Four cable companies selling a massive swath of AWS spectrum to Verizon Wireless for nearly $4 billion have decided to tell the FCC about the extensive marketing deals that go along with the transactions, but they don’t want the details made public.
Cox Communications, Comcast, Time Warner Cable and Bright House Networks said the cross-marketing agreements shouldn’t be part of the FCC’s review of the spectrum sale, but decided to hand over the documents “to avoid undue delay.”
“Those Commercial Agreements have no bearing on whether the spectrum sale is in the public interest, do not require Commission approval, and, for several reasons, do not need to be part of the formal record in this proceeding,” the cable operators said in separate letters posted to the FCC’s website on Thursday.
The companies want the details of the resale arrangements kept out of the public record.
The spectrum sale goes far beyond a simple license swap. It includes provisions that allow the companies to sell each other’s services and gives the cable operators the right to resell Verizon Wireless service on a wholesale basis. The companies have also formed a joint venture to create new products that combine wireless and wireline services.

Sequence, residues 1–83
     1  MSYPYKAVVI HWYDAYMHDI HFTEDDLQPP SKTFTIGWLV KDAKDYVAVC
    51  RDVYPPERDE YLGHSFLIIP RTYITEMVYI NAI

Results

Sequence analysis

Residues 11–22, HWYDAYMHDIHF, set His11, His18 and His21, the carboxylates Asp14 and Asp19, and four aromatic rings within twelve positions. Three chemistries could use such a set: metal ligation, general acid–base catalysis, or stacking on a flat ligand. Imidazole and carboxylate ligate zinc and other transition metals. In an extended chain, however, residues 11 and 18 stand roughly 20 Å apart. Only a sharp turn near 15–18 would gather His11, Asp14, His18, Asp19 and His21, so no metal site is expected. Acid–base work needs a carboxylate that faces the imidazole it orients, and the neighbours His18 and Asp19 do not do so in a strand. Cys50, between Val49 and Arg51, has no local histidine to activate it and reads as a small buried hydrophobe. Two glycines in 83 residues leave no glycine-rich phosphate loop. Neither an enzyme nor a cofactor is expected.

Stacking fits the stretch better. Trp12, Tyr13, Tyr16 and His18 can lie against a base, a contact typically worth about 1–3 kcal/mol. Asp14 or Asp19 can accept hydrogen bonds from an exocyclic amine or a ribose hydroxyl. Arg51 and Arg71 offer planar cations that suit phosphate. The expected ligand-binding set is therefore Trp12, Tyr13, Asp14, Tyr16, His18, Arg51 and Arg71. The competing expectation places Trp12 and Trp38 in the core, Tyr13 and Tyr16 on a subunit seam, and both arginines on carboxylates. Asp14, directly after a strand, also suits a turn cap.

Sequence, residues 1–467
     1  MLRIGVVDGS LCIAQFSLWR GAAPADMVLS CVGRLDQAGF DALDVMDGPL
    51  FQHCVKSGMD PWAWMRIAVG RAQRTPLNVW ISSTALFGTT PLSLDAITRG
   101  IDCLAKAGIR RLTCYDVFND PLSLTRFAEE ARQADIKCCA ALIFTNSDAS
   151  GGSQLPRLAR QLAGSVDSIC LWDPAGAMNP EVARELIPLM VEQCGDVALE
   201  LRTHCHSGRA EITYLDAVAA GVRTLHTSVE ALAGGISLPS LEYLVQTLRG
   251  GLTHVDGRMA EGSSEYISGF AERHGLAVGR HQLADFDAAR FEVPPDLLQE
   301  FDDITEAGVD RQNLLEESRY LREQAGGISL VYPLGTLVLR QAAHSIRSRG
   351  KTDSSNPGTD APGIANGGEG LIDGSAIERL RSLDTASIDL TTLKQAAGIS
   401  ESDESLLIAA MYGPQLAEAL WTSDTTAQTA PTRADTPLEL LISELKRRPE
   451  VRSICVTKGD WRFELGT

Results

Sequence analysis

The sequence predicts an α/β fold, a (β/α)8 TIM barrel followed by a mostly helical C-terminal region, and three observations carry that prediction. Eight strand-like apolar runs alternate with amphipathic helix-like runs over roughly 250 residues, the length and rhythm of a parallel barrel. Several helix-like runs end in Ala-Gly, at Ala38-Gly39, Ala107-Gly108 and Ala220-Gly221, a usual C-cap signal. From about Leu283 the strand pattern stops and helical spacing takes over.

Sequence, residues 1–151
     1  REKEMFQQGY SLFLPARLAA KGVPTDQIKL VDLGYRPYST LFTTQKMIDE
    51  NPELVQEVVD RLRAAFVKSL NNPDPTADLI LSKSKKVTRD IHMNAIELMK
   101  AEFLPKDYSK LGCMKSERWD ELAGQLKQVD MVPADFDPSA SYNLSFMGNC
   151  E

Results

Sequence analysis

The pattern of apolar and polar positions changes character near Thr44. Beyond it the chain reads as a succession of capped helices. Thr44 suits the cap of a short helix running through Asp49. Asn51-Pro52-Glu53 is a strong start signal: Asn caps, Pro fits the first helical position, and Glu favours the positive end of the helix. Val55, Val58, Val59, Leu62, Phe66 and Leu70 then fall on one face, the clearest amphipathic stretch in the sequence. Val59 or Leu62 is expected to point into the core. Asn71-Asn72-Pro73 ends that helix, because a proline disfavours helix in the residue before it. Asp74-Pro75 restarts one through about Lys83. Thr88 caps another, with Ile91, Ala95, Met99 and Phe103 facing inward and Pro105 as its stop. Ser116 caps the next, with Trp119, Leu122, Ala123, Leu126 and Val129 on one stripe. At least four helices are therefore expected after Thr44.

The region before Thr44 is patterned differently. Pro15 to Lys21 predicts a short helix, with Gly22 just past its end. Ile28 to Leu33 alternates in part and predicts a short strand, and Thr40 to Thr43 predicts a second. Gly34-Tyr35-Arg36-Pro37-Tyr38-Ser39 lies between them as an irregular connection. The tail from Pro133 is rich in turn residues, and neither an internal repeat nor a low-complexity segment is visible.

Competitors to Verizon Wireless and the cable operators have asked the FCC to include the marketing arrangements in its review and want the information made public.
“The assignment of CMRS spectrum represented by the applications appears to be only one small part of what could be a significant realignment of the competitive landscape in these industries,” DirecTV, Sprint, C Spire Wireless and T-Mobile USA said in a letter posted to the FCC’s website yesterday. The letter was signed by a number of public interest groups including the New America Foundation and Public Knowledge.
The back-and-forth over the disclosure of the marketing deals came as the FCC set deadlines in its review of the AWS acquisitions. Verizon announced in December it was buying 122 AWS licenses from Comcast, Time Warner Cable and Bright House Networks, and another 30 AWS licenses from Cox. Together, the licenses cover about 94 percent of the U.S. population.
The cable operators purchased the nationwide chunk of AWS spectrum for $2.4 billion during the FCC’s 2006 auction, but never fulfilled their wireless ambitions.
Parties opposed to the transaction have until Feb. 21 to file petitions to deny with the FCC. Groups supporting the deals will then have until March 2 to file their rebuttals. Replies to the second round of comments will be due March 12.
The FCC uses an informal 180-day shot clock as a loose deadline for its reviews of mergers and acquisitions.